Professor Dr. Carsten Finke
Charité - Universitätsmedizin Berlin & Berlin School of Mind and Brain
Topic: Long-term cognitive outcome in anti-NMDA receptor encephalitis
Will report on his study which presents comprehensive longitudinal data for the cognitive outcome in NMDAR encephalitis. All patients had cognitive deficits about 2 years after disease onset, mainly affecting memory and executive function. After 4 years, moderate or severe cognitive deficits persisted in 2/3 of patients despite good functional neurological outcome. Impaired cognitive outcome was predicted by delayed treatment and higher disease severity. However, continued improvement of cognitive function was observed for several years after disease onset in some patients.
These deficits show a slow and incomplete recovery and persist beyond recovery of other neuropsychiatric symptoms of the disease. Rapid diagnosis and treatment as well as continued and customized cognitive rehabilitation improve the long-term outcome.
A 30 minute Q & A follows the 30 minute presentation.
Author ~ Our Fox Has Lost His Socks
Story Time for Children of All ages 3 years to 93 years
Let Mamma Fox, Fox Red and Fox Blue take you on a funny yet sad journey of when, as Dr. Otter explains it “Pappa Fox’s brain is on fire.” Pappa Fox acts out of character, paints everything pink, acts very silly and confused and looses his tidy, white socks. Will life ever be the same for this fox family? Will Pappa Fox ever find his socks again?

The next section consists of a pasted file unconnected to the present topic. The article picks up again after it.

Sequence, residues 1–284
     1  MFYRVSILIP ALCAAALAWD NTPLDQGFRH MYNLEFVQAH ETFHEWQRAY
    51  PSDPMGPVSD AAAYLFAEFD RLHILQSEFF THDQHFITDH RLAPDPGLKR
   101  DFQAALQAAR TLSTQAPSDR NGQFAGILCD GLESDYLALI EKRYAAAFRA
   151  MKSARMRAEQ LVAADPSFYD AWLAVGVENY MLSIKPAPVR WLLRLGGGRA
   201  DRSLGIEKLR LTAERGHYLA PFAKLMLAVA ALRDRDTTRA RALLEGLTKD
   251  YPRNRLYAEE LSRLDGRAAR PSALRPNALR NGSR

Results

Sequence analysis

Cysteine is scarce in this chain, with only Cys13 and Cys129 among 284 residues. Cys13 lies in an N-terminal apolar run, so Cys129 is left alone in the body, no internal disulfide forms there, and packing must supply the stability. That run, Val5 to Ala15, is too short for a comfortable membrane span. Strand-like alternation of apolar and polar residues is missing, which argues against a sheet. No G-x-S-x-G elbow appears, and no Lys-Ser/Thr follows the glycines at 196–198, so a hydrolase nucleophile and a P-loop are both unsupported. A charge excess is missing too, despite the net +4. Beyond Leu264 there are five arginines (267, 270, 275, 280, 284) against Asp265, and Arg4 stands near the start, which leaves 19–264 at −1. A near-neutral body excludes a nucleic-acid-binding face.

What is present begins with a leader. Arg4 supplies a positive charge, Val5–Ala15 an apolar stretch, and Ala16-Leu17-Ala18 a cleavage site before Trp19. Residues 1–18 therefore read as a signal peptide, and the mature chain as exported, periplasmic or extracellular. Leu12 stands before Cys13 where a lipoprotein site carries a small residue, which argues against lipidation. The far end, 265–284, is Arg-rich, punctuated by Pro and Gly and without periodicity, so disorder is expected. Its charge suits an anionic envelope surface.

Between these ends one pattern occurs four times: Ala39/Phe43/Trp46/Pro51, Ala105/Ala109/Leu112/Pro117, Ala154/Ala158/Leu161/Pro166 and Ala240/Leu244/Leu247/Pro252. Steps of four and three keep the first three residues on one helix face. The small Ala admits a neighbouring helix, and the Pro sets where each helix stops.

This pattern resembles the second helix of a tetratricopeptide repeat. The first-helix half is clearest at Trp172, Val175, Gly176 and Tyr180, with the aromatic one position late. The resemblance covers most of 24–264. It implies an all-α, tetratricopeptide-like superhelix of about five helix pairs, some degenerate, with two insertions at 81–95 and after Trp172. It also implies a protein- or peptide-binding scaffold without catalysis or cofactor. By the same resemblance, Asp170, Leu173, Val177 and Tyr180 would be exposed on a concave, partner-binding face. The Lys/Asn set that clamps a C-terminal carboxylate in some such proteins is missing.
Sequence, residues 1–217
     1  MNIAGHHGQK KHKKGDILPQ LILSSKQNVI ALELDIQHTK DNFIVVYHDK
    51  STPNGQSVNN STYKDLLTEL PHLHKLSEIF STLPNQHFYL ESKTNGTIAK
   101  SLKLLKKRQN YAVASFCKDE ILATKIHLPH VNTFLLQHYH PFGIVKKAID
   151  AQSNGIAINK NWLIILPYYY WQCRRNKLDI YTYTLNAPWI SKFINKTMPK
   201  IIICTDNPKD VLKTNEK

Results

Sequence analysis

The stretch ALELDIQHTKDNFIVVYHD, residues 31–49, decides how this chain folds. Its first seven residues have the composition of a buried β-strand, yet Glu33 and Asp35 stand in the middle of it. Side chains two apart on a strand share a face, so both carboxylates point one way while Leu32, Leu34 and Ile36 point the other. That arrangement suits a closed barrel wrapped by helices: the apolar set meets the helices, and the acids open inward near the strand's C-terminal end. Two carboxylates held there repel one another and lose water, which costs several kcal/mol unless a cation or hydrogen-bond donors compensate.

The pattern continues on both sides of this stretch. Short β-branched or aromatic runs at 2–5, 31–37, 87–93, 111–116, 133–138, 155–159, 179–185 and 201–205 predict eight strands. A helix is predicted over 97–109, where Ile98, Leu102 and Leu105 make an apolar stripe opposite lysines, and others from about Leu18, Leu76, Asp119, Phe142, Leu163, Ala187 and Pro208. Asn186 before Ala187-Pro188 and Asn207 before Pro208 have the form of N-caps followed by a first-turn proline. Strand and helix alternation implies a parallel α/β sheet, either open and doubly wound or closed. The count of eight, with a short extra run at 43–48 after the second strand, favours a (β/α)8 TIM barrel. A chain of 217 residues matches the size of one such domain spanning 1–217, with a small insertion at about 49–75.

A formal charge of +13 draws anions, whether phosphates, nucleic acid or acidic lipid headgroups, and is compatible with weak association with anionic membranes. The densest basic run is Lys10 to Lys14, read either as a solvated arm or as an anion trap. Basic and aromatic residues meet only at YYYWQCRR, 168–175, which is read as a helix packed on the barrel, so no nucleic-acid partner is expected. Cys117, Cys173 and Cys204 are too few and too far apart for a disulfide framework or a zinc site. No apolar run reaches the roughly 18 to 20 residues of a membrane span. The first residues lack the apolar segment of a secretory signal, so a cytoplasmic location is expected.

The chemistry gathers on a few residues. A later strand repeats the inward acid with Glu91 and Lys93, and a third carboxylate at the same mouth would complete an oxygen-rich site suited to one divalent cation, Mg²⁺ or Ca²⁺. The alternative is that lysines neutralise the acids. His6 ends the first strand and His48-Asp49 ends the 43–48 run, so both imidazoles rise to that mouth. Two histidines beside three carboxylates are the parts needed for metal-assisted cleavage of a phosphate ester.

A gentle children’s story based on the true events of an Australian family suddenly being hit with a rare autoimmune condition. (Desiree’s family).
After the story time section, the young children in the audience are excused and Desiree shares the true account of when her husband came down with autoimmune encephalitis.
A percentage of the proceeds from the sale of this book will go to support IAES’ mission. Our Fox Has Lost His Socks is an ideal vehicle to explain what it is like for a family when a member comes down with a rare disease, such as autoimmune encephalitis, to friends and family.
Pojen Deng, MD
Assistant Professor, Neurology, Mount Sinai, New York
Topic: Autoimmune Encephalitis: What Psychiatrists Need to Know
Dr. Deng’s presentation gives an overview of limbic encephalitis and what occurs in the disease process that creates these neuropsychiatric symptoms and outlines the red flags psychiatrists, clinicians and laypeople should be aware of that would indicate autoimmune encephalitis could be the culprit to first episode of psychosis (FEP). One of the diagnostic challenges that happens in autoimmune encephalitis is that demographically it often maps directly on the age ranges of first break psychosis. A sensitive and common issue is that many doctors, patients and families are led to view psychiatric illness and encephalitis as mutually exclusive issues, when the reality is that encephalitis very much includes psychiatric illness and requires psychiatric treatment, in addition to neurologic treatment. Many families and patients experience delays in care or, even inappropriate care. Ideally, these two specialties should be working in tandem with the emphasis that both neurologic care and psychiatric care occurs with all autoimmune encephalitis patients.